What Causes A Shank In Golf And How To Fix It

Ever whacked a golf ball and it veered off sharply to the right? You, my friend, have shanked it.

A shank happens when the ball hits the hosel of your club instead of the sweet spot on the clubface.

It's usually because of issues like a poor address position, an unstable grip, an incorrect swing path, or a downswing slide.

To avoid sending your ball on these unfortunate detours, you'll need to pay attention to these key aspects of your swing.

But how exactly do you do that? Stick around as we delve deeper into understanding and fixing a shank in golf.

The Shank: A Golfer's Nightmare

“The Shank: A Golfer's Nightmare” might sound a bit dramatic, but any golfer who's experienced it will tell you, it's not an exaggeration.

A shank has the power to turn a dream round into a total nightmare in just a split second.

In this section, we'll dig into why that is and give you some real-life examples to illustrate the point.

The Implications of a Shank in Golf

In golf, precision is king. You can have all the power in the world, but if your shots aren't precise, you'll find yourself in a world of trouble. And that's exactly where a shank leads you.

A shank can drastically alter the course of your game.

When the ball hits the hosel and not the clubface, it careens off at a 45-degree angle, completely out of your intended path.

It's unpredictable, hard to control, and can land you in tough spots like bunkers, water hazards, or even out of bounds.

It's not just the physical implications that matter though, the mental impact of a shank can be devastating.

It can knock your confidence, leading to further mis-hits.

A shank can disrupt your rhythm, making it hard to regain composure and accuracy in subsequent shots.

It's like a ghost that haunts you throughout your round.

Examples of How a Shank Can Ruin a Great Round of Golf

Imagine you're having the round of your life.

You're on the back nine, your drive is on point, your short game is dialed in, and you're making putts left and right.

You're on track to beat your personal best and then bam! Out of nowhere, a shank happens.

For instance, you're on the par-3 17th, a beautiful island green.

You've selected the right club, envisioned your shot, and you're ready.

You swing, and to your horror, the ball rockets right, heading straight for the water.

That's a shank, and it has just cost you penalty strokes and a drop, ruining your fantastic round.

Or consider a less dramatic, but just as painful scenario.

You're on a par-5, your drive lands perfectly in the middle of the fairway.

You've got a clear shot to the green, and you're feeling good. But then your next shot is a shank.

The ball flies right, into the thick rough. Now, instead of a potential birdie, you're struggling to save par, or even bogey.

Understanding the Golf Club

Let's switch gears a bit and get to know your golf club better.

Understanding your equipment is vital in mastering the game and avoiding those pesky shanks.

In this part, we'll break down the anatomy of a golf club and particularly focus on the hosel – the birthplace of the dreaded shank.

Description of a Golf Club's Parts, Focusing on the Hosel

The main parts of a golf club are the grip, the shaft, and the head.

The grip is where you hold the club.

The shaft is the long, usually slender part that connects the grip to the head.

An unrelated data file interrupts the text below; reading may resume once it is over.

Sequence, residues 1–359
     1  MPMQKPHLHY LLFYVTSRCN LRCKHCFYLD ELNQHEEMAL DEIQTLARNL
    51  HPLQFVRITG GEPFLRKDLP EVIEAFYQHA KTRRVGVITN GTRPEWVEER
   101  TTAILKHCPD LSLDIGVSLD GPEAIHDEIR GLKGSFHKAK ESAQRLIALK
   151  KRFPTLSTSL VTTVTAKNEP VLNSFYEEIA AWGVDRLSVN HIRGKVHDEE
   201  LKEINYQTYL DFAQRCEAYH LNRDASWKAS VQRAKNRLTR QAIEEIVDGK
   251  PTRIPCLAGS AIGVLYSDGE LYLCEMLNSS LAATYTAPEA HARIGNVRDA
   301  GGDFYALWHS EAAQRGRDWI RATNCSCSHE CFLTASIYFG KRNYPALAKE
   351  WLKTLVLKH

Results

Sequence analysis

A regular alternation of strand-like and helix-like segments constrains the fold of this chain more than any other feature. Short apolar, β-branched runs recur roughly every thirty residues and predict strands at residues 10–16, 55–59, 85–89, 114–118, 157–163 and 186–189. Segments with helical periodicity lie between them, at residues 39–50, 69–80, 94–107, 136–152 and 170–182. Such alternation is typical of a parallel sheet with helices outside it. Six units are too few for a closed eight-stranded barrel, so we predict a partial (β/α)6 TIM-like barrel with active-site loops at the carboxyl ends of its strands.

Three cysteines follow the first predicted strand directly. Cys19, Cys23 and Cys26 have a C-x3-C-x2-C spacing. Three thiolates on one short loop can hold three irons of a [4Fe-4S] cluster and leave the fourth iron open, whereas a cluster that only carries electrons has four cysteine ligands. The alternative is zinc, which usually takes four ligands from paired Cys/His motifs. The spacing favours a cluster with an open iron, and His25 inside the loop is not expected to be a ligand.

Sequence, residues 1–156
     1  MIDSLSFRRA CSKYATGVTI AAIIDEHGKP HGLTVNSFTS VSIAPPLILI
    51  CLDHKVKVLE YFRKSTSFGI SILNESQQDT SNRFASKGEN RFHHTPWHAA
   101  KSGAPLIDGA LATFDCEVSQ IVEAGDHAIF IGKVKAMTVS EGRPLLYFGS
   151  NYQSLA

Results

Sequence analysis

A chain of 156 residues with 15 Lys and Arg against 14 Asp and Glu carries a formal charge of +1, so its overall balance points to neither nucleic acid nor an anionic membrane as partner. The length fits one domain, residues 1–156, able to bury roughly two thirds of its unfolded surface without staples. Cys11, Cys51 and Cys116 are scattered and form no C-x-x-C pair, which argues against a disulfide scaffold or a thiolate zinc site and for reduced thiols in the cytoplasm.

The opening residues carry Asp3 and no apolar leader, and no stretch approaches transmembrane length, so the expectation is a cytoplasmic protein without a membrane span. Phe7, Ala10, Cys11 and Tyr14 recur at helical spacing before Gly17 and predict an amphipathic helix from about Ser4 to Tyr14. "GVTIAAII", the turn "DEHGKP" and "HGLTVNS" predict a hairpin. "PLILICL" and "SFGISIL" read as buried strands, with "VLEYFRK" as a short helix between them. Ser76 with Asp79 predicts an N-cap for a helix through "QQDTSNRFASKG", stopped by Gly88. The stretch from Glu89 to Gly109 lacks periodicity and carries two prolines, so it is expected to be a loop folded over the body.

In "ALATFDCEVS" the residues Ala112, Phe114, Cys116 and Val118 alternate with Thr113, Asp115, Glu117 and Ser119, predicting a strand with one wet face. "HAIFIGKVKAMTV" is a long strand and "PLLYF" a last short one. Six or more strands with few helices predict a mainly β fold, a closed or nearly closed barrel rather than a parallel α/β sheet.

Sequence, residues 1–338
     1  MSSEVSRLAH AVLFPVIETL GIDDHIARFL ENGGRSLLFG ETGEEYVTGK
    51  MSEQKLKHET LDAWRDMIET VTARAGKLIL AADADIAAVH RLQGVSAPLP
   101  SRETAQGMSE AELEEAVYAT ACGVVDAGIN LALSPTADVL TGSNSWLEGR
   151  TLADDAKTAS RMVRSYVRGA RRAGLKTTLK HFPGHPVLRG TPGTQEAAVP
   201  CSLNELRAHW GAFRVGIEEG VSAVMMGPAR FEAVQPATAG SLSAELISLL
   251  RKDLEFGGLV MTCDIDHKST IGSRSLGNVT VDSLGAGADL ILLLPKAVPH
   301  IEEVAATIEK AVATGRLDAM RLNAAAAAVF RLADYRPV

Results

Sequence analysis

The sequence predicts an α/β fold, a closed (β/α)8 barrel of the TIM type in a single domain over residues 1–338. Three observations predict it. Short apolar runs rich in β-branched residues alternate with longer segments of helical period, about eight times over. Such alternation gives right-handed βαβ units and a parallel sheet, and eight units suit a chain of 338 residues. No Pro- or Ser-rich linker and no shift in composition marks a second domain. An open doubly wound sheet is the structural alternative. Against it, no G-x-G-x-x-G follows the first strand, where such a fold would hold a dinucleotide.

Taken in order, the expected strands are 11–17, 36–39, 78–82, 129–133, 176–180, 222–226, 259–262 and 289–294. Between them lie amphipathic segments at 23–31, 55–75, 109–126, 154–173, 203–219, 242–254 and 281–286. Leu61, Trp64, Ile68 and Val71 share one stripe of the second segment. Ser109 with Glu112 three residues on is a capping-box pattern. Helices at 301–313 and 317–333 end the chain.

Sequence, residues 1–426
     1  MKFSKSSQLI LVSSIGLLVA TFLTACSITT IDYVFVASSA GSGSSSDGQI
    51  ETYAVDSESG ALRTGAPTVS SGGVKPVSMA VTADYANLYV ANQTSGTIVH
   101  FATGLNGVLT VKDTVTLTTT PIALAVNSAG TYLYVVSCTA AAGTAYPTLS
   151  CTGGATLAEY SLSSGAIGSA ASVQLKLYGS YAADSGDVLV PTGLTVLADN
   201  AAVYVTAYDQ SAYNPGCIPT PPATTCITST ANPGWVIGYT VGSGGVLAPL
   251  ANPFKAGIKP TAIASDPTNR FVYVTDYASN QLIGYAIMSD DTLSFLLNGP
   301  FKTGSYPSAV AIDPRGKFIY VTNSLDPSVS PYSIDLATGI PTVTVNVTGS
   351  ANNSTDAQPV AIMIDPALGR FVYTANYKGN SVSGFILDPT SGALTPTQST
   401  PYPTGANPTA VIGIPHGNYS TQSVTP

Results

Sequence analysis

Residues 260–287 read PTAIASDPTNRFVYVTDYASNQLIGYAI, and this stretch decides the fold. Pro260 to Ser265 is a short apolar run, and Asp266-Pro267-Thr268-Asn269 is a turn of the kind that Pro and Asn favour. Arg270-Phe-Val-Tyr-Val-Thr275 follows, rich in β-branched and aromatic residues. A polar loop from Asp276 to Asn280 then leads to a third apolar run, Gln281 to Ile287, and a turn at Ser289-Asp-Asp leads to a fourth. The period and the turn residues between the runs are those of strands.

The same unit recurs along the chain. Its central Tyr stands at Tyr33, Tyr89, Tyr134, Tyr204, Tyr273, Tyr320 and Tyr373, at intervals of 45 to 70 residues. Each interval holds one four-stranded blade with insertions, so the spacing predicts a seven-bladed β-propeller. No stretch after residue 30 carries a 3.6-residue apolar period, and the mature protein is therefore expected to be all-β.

The head is where all the action happens; it's what hits the ball.

On the head of the club, you have the face, which ideally makes contact with the ball, and the back, which is everything not making contact with the ball.

There's also the top edge, called the crown, and the bottom, known as the sole.

And then, there's the hosel. The hosel is the part of the club head that connects to the shaft.

On many clubs, it's hollow, allowing the shaft to be inserted and secured.

On others, like some modern drivers, it's more of a conceptual spot where the shaft would connect on a traditional club.

On irons, the hosel is more prominent and visible.

Why the Ball Hitting the Hosel Causes a Shank

So why does hitting the ball with the hosel cause such a disaster? It's all about geometry and physics.

When you hit the ball on the clubface, the flat surface allows the ball to launch according to the club's loft and your swing path.

It's predictable and under your control, more or less.

However, when the ball strikes the hosel, a whole other set of laws come into play.

The rounded and angled surface of the hosel sends the ball off on a drastically different path, usually sharply to the right for right-handed golfers.

It's an outcome that is entirely unwanted and unexpected.

Also, the hosel of the club is closer to the player.

So, when a golfer hits the hosel, they're also likely swinging the club closer to their body than intended, which means they are off their ideal swing plane.

This swing plane deviation can be another reason for the ball's unwanted direction.

Common Causes of a Shank

It's time to face the foe head-on. Let's delve into the common causes behind the dreaded shank. Identifying these culprits is a key part of the battle.

You'll learn what to look out for, and with practice, you'll spot these errors in your setup or swing, helping you avoid the unsettling jolt of a shank.

  1. Poor Address Position

The address position, or the way you stand when you're ready to swing, is critical.

If you're too close to the ball or too far away, it throws off your swing mechanics.

Being too close can make you hit the ball with the hosel instead of the clubface, leading to a shank.

If you're too far, you might overreach and still hit the hosel, causing another shank.

Ensure you're the correct distance from the ball.

For most shots, when you're in your address position, the club should reach the ball just as your arms hang naturally down.

Different clubs will require different distances, so experiment with various clubs during practice.

  1. Unstable Grip

The way you grip your club plays a crucial role in the clubface's position at impact.

If your grip is too loose, it can cause the clubface to open or close at the moment of contact.

An open clubface can expose the hosel, causing a shank.

Take a moment before each shot to check your grip.

Ensure your hands are forming a stable “V” shape and aim for a firm but relaxed hold.

Don’t strangle your club, but don’t let it wobble around either.

  1. Swing Path

A good golf swing follows a specific path or plane.